• 8. ndotoyakidege  |  15 February 2011 at 08:11

      Hi Collin, thanks for your comment. I absolutely agree that if an MFI cannot operate efficiently, it should not be in business. In a place like Kampala, Uganda there are so many MFIs that if a particular MFI is not operating efficiently and offering competitive interest rates, it will go out of business.

      The best answer I can give you regarding your question of whether offering credit at a rate of 64% is worth it, are the responses of MCDT’s borrowers. I have talked to around 80 borrowers, and they have all told me that they have chosen to borrow from MCDT because the interest rate is low and affordable. The borrowers have loan terms of 4, 6, or 9 months, and the vast majority pay off the principle and interest on time.

      There is most definitely a strong demand for microcredit, and if MCDT were not lending, someone else would be, and very likely at a much higher interest rate than even 64%. For example, there is a Kiva Fellow in Mexico who recently met a woman who was paying the equivalent of a 300% annual percentage rate (APR) before taking a loan with a Kiva partner MFI.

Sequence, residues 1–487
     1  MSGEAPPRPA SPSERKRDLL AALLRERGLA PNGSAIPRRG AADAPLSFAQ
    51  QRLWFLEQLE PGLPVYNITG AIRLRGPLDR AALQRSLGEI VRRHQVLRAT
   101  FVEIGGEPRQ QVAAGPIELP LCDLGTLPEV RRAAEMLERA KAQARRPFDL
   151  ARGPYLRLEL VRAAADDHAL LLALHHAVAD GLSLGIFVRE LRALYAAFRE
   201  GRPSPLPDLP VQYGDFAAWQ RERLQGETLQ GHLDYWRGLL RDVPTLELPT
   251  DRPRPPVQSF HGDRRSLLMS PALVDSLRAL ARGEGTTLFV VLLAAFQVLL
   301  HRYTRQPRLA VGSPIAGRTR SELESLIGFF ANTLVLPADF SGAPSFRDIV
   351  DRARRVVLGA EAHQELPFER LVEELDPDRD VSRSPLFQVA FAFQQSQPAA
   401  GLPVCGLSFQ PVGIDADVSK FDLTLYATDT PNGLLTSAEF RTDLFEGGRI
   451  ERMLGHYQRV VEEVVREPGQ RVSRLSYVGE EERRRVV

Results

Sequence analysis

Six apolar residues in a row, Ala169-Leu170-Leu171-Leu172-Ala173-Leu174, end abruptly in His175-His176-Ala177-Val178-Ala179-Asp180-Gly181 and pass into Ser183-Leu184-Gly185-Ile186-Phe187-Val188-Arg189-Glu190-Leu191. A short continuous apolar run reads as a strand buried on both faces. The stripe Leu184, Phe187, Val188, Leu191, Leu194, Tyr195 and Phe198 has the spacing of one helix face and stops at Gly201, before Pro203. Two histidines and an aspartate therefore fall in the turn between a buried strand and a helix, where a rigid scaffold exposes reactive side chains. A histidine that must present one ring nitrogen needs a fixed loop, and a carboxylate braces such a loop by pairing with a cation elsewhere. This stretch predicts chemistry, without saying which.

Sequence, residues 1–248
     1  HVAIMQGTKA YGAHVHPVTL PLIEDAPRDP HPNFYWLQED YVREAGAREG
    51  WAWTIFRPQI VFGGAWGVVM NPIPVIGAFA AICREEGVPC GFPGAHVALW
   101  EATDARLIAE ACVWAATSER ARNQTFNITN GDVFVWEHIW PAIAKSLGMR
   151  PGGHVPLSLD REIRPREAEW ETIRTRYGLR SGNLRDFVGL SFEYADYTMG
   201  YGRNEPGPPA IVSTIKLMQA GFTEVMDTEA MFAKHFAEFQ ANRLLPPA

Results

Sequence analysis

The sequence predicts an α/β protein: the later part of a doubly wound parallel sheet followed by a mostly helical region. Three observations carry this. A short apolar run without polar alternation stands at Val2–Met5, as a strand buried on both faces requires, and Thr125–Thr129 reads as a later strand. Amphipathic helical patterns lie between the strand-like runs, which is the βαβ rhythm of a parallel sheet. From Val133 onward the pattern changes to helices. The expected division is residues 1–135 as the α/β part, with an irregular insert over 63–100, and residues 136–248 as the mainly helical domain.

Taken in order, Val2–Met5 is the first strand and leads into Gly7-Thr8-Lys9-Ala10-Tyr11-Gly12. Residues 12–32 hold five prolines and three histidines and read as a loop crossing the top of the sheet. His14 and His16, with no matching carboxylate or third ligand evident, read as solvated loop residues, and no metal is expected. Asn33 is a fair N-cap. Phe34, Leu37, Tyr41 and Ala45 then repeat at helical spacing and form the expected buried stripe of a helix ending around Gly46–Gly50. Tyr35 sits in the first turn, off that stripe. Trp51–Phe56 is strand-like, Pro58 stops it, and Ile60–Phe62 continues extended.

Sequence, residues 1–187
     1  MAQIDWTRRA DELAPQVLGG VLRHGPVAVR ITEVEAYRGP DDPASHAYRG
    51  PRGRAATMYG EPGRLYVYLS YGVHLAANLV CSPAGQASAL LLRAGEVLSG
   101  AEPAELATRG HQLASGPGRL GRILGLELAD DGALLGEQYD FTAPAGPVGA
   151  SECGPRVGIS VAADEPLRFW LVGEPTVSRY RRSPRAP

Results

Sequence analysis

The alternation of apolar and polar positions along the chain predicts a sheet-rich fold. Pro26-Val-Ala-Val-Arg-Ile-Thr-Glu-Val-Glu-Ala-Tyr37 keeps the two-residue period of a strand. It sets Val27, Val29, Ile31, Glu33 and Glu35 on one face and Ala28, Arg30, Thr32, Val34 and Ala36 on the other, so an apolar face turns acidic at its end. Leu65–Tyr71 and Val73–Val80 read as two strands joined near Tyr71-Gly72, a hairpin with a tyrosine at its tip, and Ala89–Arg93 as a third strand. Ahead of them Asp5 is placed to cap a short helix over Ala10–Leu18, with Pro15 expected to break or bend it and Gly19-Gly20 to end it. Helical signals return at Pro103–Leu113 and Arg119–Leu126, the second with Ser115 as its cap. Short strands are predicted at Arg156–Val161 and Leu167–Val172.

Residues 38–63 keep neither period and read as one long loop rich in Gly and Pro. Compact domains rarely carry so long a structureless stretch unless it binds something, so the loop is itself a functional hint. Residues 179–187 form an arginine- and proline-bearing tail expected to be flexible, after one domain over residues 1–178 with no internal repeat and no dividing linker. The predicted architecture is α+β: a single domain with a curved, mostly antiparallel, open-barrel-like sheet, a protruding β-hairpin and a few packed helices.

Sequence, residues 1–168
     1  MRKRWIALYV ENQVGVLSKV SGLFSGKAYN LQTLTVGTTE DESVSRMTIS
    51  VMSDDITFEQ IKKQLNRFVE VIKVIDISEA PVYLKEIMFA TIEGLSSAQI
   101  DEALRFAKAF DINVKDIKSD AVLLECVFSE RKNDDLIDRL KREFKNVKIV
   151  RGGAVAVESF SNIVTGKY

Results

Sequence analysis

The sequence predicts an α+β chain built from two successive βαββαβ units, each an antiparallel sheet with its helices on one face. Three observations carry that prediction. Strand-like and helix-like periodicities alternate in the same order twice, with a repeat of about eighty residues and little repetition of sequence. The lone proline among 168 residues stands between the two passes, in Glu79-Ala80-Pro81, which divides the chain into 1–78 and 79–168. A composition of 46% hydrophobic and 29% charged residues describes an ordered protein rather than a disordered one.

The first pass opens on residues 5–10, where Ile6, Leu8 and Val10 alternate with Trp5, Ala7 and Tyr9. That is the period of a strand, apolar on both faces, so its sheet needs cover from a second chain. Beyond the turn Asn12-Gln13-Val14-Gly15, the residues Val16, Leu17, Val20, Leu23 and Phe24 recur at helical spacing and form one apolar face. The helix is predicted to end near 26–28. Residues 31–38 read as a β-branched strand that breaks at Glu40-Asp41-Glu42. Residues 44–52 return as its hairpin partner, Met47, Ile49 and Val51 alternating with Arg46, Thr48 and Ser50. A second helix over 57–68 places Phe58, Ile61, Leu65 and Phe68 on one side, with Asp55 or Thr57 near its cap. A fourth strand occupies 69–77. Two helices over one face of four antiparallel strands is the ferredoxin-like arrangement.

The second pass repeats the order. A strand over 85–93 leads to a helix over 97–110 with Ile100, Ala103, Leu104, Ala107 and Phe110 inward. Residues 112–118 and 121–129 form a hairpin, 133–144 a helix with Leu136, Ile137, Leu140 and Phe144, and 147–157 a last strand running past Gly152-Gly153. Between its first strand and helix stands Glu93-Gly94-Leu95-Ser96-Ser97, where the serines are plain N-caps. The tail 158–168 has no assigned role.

Lastly, the Grameen Bank charges about 20% interest. From what I have seen here in Kampala, unless an MFI was heavily relying on donor funds to cover its own costs, it could not offer an interest rate that was 15% or below.


  • 9. Alexis Ditkowsky  |  15 February 2011 at 03:16

    Really loved seeing this spreadsheet. Thanks, Nila, and thanks to your MFI.

    • 10. ndotoyakidege  |  15 February 2011 at 08:34

      Thanks Alexis! It was enlightening for me as well. The answers are not simple, but at least a detailed cost breakdown offers a more nuanced perspective when talking about MFI interest rates.

  • 11. World Spinner  |  14 February 2011 at 17:23

    In Defense of “High” MFI Interest Rates: Part. II « Kiva Stories ……

    Here at World Spinner we are debating the same thing……

  • 12. Antoine S. Terjanian  |  14 February 2011 at 15:42

    This is a very good post Nila. You and the MFI get A for transparency. And A for honesty in quoting 64.5% (per year) as the true annual interest rate being charged by this MFI.